Monday, November 24, 2008

Excellence and Exploitation in Intercollegiate Athletics

By Richard Vedder, Matthew Denhart and Robert Villwock

The naming of Myron Rolle and Chris Joseph as Rhodes Scholars shows that players on big-time college football teams can excel both athletically and academically. Rolle currently plays at Florida State, and Joseph graduated from UCLA. Congratulations to these fine men for an extraordinary achievement. Athletic competition can promote excellence and leadership, and this is a fine example of that.

But there is a dark side to intercollegiate athletics. Consider the following statistic, derived from Dan Fulks' statistics for the NCAA in 2006. For every one dollar spent on student scholarship assistance, $1.95 was spent on salaries and benefits for coaches, athletic administrators and support staff. If an NFL or NBA team spent 1.95 times as much on coaches salaries, the general manager's compensation, and that of other employees as they did on the players, it would not be around for very long.

Top college athletes are typically paid vastly less than the value of their marginal product --what they add to the revenue stream of athletic departments (this is true only at the top football/basketball schools to be sure). They do it because it is required by professional leagues, provides training for pro play later, or, in some cases, because the students genuinely crave a college degree, which they think they will need after their athletic career is over. And most of them have no realistic professional athletic prospects. Money that in a competitive market would go to the players goes for other things --but largely the salaries of coaches. Adults are exploiting children, albeit older children and sometimes even young adults. The better athletes leave early to go to the pros --$1 million a year in pay beats, say, $15,000 (or whatever the value of the grant-in-aid).

But what concerns us also are the negative spillover effects of downplaying academics for the sake of athletics. Colleges take in students who do not belong, who are good athletes but poor students. Is that right and appropriate? Then they give them a schedule of activities (games, practice, conditioning) that makes studying all but impossible, with games scheduled in examination weeks, practices during class hours, etc. So exploit them financially and set them up to fail academically, meanwhile sending a message to everyone "academics is fairly important, but sports trump everything." A bad message to send.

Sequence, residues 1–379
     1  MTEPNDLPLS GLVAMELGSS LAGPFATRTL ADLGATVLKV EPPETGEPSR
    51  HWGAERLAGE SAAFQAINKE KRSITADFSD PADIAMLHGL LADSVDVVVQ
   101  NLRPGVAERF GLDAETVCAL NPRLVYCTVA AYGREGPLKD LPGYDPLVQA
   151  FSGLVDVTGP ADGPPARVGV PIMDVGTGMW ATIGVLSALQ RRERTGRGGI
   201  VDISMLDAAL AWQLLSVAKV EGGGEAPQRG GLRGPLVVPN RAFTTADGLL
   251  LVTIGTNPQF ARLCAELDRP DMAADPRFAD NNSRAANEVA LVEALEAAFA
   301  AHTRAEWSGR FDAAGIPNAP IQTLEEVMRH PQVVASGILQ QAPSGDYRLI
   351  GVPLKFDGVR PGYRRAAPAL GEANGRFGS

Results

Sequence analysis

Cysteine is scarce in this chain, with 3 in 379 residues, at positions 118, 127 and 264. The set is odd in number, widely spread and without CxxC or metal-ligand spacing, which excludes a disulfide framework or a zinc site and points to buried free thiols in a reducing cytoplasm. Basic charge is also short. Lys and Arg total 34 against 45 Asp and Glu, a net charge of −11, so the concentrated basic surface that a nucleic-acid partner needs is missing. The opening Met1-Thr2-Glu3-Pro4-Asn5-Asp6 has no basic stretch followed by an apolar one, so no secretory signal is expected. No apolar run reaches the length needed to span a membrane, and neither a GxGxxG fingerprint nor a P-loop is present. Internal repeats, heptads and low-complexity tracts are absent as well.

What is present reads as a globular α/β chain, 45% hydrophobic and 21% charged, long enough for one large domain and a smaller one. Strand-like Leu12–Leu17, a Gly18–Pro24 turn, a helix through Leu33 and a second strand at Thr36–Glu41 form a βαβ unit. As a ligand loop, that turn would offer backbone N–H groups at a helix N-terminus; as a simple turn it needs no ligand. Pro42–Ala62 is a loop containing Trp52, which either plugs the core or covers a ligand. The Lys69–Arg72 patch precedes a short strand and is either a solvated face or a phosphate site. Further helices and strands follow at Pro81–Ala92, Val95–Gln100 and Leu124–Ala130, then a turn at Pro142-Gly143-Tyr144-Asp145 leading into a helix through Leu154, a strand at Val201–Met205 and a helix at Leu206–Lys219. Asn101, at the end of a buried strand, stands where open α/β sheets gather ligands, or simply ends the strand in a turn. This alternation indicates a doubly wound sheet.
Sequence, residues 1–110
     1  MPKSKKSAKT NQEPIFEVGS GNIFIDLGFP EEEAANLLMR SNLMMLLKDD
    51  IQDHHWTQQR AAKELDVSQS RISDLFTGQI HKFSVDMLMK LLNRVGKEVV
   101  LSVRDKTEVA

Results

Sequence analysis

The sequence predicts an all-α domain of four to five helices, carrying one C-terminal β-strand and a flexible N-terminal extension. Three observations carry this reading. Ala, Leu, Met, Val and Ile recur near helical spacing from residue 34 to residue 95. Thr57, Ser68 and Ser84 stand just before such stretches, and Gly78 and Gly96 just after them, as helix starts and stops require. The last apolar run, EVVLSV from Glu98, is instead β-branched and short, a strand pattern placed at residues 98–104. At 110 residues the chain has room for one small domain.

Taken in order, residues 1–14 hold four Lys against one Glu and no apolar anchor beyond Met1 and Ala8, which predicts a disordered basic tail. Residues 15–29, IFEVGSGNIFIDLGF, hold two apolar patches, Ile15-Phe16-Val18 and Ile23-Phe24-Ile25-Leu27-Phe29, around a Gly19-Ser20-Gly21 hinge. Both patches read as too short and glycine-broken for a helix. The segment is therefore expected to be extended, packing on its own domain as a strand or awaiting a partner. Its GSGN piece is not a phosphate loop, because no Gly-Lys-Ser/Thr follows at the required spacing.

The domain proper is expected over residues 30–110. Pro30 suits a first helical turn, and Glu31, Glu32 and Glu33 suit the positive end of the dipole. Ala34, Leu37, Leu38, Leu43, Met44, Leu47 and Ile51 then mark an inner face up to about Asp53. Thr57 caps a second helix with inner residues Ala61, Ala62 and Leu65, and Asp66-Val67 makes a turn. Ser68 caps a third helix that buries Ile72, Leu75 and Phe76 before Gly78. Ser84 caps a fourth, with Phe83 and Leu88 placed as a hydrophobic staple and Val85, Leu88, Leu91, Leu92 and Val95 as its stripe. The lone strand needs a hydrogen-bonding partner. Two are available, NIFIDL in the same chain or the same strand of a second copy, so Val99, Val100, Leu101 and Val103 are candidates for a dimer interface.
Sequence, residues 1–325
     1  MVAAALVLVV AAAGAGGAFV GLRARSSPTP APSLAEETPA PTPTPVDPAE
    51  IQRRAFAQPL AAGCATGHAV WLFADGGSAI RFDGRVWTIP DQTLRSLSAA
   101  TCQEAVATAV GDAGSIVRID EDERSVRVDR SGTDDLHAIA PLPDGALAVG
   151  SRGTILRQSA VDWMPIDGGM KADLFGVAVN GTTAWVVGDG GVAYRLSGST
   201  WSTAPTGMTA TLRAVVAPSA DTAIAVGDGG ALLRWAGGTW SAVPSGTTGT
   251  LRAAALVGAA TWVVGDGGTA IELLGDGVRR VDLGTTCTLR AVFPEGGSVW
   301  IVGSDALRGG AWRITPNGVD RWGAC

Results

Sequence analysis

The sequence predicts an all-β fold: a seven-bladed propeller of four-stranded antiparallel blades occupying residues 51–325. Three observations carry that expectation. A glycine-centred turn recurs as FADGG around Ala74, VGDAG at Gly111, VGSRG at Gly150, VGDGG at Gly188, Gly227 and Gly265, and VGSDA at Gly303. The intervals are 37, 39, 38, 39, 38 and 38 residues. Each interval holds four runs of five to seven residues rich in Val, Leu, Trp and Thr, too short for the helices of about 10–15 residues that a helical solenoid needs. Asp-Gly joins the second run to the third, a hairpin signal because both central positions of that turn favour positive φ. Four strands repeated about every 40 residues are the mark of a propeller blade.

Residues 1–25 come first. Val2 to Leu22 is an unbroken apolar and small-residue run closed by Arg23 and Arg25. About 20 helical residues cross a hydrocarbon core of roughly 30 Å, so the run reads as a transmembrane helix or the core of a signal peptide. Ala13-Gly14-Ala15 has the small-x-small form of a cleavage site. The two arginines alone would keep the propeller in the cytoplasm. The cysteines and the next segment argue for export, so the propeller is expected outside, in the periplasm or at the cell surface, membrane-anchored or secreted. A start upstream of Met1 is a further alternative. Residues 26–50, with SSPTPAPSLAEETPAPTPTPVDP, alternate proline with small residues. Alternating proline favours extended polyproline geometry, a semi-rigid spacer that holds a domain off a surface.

To be sure, we are speaking here of the Gang of 119 --the big NCAA football powers --not the average liberal arts college or even the smaller state schools. We are not talking about either the Ivy League or community colleges. And we are the first to argue --as we did at the beginning of this blog --that we love sports, we enjoy watching games ourselves, and that there are some real benefits of athletics in terms of developing leadership and character. But all things need to be done in moderation, and we are beyond moderation in intercollegiate athletics.

Richard Vedder directs CCAP and teaches at Ohio University, where both Matthew Denhart and Robert Villwock are undergraduate students and CCAP research associates.

2 comments:

Cowboy said...

Off topic - I sure would like to know where all these CEO's running the companies who have received taxpayer bailouts went to school.

I wonder if CCAP would be willing to publish this info or advise if it is available and where.

Matt - Take Dr. Vedder's advice. If you should meet Kofi Anan while you are in Ghana, and you should happen to shake hands with him - count your fingers.

Cowboy said...

Meanwhile, back at the ranch...

When I was in High School, we practiced before school and after school. We missed classes on some Fridays if we had to travel a great distance whether it was for football on Friday nights or swim meets on Staturday. I don't know how much it affected my grades.

In college, football and basketball players missed what I thought were a lot of classes. Most of them were HPER majors (Health, Physical Education, and Recreation), so I don't think it really mattered much. But the two you cite in your blog are definitely noteworthy.

I'm pretty sure one of the guys from the development department referred to HPER majors as HHS majors in one of my previous visits. I may be wrong, but I think they call themselves Health and Human Services majors now - it does sound much better. Kind of like a chrome plated terd. But everybody has a place in life I suppose.

An area that has inspired my interest is the speed of the evolution of technology with regard to what is taught in Higher Ed institutions - excluding for profit, on-line studies.

Take a number of majors affected by the rapid evolution of technology and innovation. In these cases, what a student learns as a freshman becomes, to an extent, irrelevant. In fact I'm going to send something I received from an in-law that touches on this concept.

In closing, this blog and the Coach:President ratios are two very informative blogs.